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Journal of Biological Chemistry


Native disulfide bond formation in eukaryotes is dependent on protein-disulfide isomerase (PDI) and its homologs, which contain varying combinations of catalytically active and inactive thioredoxin domains. However, the specific contribution of PDI to the formation of new disulfides versus reduction/rearrangement of non-native disulfides is poorly understood. We analyzed the role of individual PDI domains in disulfide bond formation in a reaction driven by their natural oxidant, Ero1p. We found that Ero1p oxidizes the isolated PDI catalytic thioredoxin domains, A and A′ at the same rate. In contrast, we found that in the context of full-length PDI, there is an asymmetry in the rate of oxidation of the two active sites. This asymmetry is the result of a dual effect: an enhanced rate of oxidation of the second catalytic (A′) domain and the substrate-mediated inhibition of oxidation of the first catalytic (A) domain. The specific order of thioredoxin domains in PDI is important in establishing the asymmetry in the rate of oxidation of the two active sites thus allowing A and A′, two thioredoxin domains that are similar in sequence and structure, to serve opposing functional roles as a disulfide isomerase and disulfide oxidase, respectively. These findings reveal how native disulfide folding is accomplished in the endoplasmic reticulum and provide a context for understanding the proliferation of PDI homologs with combinatorial arrangements of thioredoxin domains.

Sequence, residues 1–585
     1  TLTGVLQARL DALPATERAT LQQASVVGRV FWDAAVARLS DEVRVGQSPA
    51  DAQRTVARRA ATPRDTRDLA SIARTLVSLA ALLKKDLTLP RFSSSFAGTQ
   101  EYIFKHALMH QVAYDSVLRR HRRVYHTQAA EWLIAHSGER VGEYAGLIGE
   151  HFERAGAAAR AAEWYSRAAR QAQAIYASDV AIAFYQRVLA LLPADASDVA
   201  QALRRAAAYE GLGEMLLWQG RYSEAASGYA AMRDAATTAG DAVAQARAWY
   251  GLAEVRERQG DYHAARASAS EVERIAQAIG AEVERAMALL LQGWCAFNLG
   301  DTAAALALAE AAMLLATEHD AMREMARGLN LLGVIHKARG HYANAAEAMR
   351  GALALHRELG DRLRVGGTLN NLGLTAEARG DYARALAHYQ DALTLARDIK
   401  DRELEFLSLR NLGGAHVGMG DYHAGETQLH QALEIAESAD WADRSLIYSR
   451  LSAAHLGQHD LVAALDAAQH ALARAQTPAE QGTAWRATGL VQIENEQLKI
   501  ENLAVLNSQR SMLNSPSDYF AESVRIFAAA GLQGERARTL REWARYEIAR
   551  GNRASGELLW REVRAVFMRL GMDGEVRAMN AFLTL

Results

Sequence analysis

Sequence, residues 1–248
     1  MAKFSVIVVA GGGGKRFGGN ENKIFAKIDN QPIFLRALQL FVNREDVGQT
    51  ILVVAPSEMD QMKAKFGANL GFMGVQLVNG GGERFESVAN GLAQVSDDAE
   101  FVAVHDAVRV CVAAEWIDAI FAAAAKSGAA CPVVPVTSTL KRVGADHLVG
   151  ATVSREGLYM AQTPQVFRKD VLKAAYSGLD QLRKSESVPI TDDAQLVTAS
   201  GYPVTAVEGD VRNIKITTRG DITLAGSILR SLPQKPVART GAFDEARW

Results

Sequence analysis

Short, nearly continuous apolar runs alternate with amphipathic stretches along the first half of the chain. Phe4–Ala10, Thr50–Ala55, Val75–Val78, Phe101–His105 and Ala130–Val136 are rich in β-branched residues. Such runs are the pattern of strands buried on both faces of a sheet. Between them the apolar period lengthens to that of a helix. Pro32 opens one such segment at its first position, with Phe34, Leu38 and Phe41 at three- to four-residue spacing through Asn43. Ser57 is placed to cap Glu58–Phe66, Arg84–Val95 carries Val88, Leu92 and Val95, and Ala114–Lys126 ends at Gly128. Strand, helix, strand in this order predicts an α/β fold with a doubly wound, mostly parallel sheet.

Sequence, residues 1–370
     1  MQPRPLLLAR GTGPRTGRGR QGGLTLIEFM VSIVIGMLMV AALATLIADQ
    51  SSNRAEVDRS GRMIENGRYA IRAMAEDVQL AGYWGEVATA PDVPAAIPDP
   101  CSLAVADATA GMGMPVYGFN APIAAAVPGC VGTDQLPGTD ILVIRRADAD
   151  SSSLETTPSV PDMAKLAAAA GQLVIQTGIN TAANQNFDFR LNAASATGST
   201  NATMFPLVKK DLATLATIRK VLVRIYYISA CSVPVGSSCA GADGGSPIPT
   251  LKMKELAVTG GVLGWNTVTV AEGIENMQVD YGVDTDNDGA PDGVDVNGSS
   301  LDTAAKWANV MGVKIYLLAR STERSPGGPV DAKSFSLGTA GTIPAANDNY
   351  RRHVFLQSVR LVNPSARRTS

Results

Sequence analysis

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Creative Commons Attribution 4.0 International License
This work is licensed under a Creative Commons Attribution 4.0 International License.


© 2006 by The American Society for Biochemistry and Molecular Biology, Inc.


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